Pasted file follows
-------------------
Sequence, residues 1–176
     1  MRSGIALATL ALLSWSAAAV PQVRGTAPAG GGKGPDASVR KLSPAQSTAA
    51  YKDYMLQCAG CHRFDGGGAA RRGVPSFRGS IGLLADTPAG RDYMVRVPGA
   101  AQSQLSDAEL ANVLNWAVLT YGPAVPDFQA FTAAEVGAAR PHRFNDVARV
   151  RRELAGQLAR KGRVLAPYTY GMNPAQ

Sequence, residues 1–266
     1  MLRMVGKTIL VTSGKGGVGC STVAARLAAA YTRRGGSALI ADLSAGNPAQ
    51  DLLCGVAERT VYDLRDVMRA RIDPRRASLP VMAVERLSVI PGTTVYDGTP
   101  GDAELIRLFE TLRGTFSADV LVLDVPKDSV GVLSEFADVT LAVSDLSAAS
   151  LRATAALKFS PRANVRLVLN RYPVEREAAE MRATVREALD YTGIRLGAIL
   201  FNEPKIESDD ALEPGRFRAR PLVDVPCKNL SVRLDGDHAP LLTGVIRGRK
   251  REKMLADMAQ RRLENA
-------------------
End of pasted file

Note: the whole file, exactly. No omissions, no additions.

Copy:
Sequence, residues 1–176
     1  MRSGIALATL ALLSWSAAAV PQVRGTAPAG GGKGPDASVR KLSPAQSTAA
    51  YKDYMLQCAG CHRFDGGGAA RRGVPSFRGS IGLLADTPAG RDYMVRVPGA
   101  AQSQLSDAEL ANVLNWAVLT YGPAVPDFQA FTAAEVGAAR PHRFNDVARV
   151  RRELAGQLAR KGRVLAPYTY GMNPAQ

Sequence, residues 1–266
     1  MLRMVGKTIL VTSGKGGVGC STVAARLAAA YTRRGGSALI ADLSAGNPAQ
    51  DLLCGVAERT VYDLRDVMRA RIDPRRASLP VMAVERLSVI PGTTVYDGTP
   101  GDAELIRLFE TLRGTFSADV LVLDVPKDSV GVLSEFADVT LAVSDLSAAS
   151  LRATAALKFS PRANVRLVLN RYPVEREAAE MRATVREALD YTGIRLGAIL
   201  FNEPKIESDD ALEPGRFRAR PLVDVPCKNL SVRLDGDHAP LLTGVIRGRK
   251  REKMLADMAQ RRLENA